None of this will have any impact unless land-owners and managers decide to create woodland on the land they control.
What do we need to change about the conditions at the moment?
We need to make woodland creation an additional choice for landowners and managers for how they manage their land.
There are 1,130,000ha of woodland in England, 9% cover. Increasing this to, say, 12% woodland cover by 2060 would mean 375,000ha of additional woodland. This amounts to 5% of the low grade agricultural land that is free of planting constraints. We need to know more about how much land is potentially available as landowners and managers make their choices.
What are we doing about it with this project?
Working out how what triggers landowners and managers to make choices to change land-use to woodland creation, how much land could become available due to these choices and where and how to target our efforts to unlock land-use change.
|Key output of the project||Date expected||Further information|
|Evaluation of needs from landowner perspective, market segmentation from an owner perspective.|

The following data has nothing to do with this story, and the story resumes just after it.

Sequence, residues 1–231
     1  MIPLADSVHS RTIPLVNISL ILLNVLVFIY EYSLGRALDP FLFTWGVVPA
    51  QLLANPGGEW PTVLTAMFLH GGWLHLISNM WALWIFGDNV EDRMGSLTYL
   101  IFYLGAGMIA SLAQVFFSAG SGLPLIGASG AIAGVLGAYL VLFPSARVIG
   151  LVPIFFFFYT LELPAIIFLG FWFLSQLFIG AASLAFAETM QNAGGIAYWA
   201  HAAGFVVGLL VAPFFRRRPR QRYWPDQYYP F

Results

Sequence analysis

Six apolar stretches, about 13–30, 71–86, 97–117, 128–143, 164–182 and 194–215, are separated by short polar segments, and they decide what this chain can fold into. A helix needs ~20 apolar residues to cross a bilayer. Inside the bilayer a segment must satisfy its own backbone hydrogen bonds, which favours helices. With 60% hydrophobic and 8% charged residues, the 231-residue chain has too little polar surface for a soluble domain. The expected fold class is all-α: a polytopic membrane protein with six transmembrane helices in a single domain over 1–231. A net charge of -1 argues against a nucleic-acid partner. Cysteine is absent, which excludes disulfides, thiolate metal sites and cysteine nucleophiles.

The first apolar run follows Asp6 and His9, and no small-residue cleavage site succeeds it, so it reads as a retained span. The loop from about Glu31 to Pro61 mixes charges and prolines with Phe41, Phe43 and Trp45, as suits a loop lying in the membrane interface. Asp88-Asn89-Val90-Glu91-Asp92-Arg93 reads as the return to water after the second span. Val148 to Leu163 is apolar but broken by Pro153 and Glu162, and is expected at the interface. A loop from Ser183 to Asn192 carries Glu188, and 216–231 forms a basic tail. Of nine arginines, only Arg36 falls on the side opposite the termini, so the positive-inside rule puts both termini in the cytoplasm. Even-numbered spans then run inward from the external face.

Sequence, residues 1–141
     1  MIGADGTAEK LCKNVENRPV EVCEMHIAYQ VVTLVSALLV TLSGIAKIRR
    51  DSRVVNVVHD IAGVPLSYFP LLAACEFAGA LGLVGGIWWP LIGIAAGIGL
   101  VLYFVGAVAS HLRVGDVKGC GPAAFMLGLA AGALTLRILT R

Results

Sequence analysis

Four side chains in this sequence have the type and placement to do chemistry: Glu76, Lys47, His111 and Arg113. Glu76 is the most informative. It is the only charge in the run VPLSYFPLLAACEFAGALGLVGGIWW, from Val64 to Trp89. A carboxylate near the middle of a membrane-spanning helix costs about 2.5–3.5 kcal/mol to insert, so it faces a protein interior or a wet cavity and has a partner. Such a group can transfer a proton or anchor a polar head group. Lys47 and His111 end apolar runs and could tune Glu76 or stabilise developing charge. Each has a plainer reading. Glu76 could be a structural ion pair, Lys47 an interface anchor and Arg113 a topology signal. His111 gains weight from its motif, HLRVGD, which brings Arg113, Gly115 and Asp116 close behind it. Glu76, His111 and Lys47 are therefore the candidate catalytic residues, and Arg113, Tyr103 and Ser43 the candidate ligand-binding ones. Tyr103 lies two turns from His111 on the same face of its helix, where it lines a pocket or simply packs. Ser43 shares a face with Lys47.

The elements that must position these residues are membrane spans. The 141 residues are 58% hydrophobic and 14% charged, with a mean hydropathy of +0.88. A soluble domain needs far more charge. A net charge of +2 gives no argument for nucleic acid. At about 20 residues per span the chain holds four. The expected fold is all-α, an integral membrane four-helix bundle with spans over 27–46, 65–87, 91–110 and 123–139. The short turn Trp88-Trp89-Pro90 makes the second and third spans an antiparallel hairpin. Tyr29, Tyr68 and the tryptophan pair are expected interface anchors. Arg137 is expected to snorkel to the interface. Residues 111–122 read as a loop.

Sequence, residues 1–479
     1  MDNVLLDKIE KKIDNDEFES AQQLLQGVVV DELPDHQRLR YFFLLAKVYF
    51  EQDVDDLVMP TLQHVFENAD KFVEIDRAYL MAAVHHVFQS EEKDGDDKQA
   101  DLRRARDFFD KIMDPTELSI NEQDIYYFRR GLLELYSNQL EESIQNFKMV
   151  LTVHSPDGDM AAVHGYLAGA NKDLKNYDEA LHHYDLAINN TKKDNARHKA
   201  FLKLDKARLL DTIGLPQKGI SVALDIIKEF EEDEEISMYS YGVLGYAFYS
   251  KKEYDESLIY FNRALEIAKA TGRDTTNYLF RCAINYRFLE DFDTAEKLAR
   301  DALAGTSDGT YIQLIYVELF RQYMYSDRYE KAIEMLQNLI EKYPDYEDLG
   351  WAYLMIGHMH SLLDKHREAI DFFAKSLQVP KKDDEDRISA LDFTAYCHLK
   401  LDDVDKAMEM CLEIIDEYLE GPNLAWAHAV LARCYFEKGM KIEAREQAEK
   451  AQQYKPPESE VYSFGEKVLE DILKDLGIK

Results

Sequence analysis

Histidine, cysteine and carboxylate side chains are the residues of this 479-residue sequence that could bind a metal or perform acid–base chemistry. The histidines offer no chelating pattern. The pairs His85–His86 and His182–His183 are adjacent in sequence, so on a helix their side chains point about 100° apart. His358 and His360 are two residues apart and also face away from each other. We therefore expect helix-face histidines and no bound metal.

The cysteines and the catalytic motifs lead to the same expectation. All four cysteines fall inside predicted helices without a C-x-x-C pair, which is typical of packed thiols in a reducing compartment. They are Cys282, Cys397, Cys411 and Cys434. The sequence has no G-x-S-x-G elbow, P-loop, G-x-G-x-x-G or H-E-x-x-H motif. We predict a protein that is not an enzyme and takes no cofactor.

|Analysis of land use policies of current land holding institutions.||August 2011|
|Analysis of how much land becomes available for land-use change, the circumstances, and where.||August 2011||The Exeter report|
|Pilot projects, workshops etc||Further information|
|South West landowners and managers perspectives workshops||Getting landowners and managers together to assess whether what we are doing enables them to take choices to create woodland, workshops to start in Sept. 2011.|
|Exmoor National Park Low Carbon Landscape||Supporting a partnership to take forward a community benefit approach to low carbon living, where woodlands play a central role, see Sustainable Exmoor|
|Neroche||The Blackdown Hills Trust on the border between Devon and Somerset is running a series of projects working with the Forestry Commission's Neroche Scheme: encouraging woodland creation, improving woodfuel supply from existing woodlands and integrating it into the local economy, and gauging the value of trees and shrubs for storing carbon.|
Forestry Commission England
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